torsdag 25. januar 2018

Through The Ages: Review and Strategy

So, I got this fantastic game from my in-laws for jule. I had noticed Through The Ages getting top scores on Board Game Geek, and while I love the concept of epic civ-building games, I think most of the ones I have played are, unfortunately, not very good games. Typically they are too clunky, with too many rules and concepts, too much math, and fairly fixed hierarchies of upgrades where a mistake in turn two can cost you the game in turn 10 by missing out on that Optimal Predetermined Upgrade Path(tm).

Not this game. I am extremely impressed by the elegance in the design. Randomized order of upgrades means that you really have to mitigate risk, think on the fly, and you cannot just shuffle down some preprogrammed path to victory.

With just moving two types of tokens around the technology cards Vlaada Chvatil has managed to make a system that keeps track of land size, happiness, population growth, buildings, and military units (that's the yellow tokens) and corruption, law, food, resources and wonder building (that's the blue tokens). It's just an incredible feat of board game engineering, and it makes everything in the game beautifully interconnected and interdependent.

I have played a few games now, most with my friends Leif and Morten, and some online in a well implemented and good looking app on Android and iOS.

So, I was thinking of writing a short strategy guide. Now that I have written it, I can see that it is not short. Well. Anyway. I see many of the guides around there are based on ranking cards, which has some merit. However, in a game like this where everything is a tradeoff, I think it's more interesting to focus on constraints and synergies, rather than rating Pyramids "A perfect wonder, 5/7, will draft again".

Game Over!

Main strategies

An exciting part of this game is that you have to shift focus, a lot, depending on what you draw, the order of the draft cards, and what the other players do. There are some main strategies, though, but you probably will not follow just one through the entire game.


Culture is of course always the end goal, but there are strategies that go directly for early culture, trying to build an insurmountable culture lead. Michelangelo, Gengis Khan and Joan of Arc are the strongest early culture leaders, more details of the combos are written under those leaders. In general it means setting up 3 or more culture generation early in Age I and letting it tick in. Later culture leaders are James Cook (colonies), William Shakespeare (Drama + Library), and Bach (Opera).

In Age III they are all culture leaders and it is all about raking in the culture anyway, so which one you want depends on where you currently are in the game.


Infrastructure allows you to invest something now to get even more back later. The goal here is to out-produce your rivals. It's pretty straight forwards - increase your options, and use that increase to increase your options even more, or start pressuring.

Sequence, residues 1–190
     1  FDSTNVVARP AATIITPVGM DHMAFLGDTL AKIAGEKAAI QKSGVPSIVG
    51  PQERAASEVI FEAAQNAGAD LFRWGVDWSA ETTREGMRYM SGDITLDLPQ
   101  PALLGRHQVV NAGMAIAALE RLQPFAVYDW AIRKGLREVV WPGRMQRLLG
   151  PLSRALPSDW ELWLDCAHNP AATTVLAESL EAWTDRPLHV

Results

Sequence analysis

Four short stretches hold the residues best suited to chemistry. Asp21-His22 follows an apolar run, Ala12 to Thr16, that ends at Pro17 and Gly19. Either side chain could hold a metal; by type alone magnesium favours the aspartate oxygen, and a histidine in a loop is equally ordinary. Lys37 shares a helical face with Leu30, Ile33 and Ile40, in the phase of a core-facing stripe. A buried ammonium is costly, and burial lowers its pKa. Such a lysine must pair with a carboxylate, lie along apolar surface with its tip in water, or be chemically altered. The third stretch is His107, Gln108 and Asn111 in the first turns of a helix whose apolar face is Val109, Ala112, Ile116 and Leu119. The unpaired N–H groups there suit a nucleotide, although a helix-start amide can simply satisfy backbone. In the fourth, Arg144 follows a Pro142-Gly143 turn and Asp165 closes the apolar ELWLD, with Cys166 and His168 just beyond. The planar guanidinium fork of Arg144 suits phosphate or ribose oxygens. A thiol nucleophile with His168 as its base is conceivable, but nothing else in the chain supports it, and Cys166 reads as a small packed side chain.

In Age A or Age I, you should get:

  • Civil Actions (CAs). It is vital in most strategies to get the 5th action sometime during Age I, and then add a couple more sometime during Age II. If you are stuck with a low number, you often can only react, since you often need all four of those 4 actions to grab a card, play a card, upgrade something, and maybe make a worker.
  • Science. If you get up to 3 science production quickly you are usually doing OK for quite some time. Science is the one resource where you cannot really produce too much, there is always something nice to build, and having a little science in the bank makes it far more easy to react to the other players. You must build some science quickly, +1 science is too little in Age I.
  • Resources. Build one more Bronze.
In Age I or Age II, you should also get:
  • Food. If you do not upgrade food during Age I or II, you will often find that you are suddenly stuck. Building one extra Farming is usually not enough, and two is too expensive. You will need a tech card to fix this.
  • Military Actions (MAs). The 3rd action is the best, since it gives you an extra card, and keeping 3 cards is usually enough to have the most options. If you intend to be aggressive, you need more than 3.
  • Resources. The more players, the more important it is to get one of Iron or Coal, since yellow cards will be limited. In a duel, you can sometimes survive on Bronze until the end of the game.

Economy does not win the game by itself, and all types of stored resources are worth nothing at the end. You must constantly look out for whether it is the right time to stop building economy, and start getting the points. The two main ways to convert your advantage into points is using your superior economy to suddenly start making a lot of culture, or by building an unbeatable military and taking the culture by force.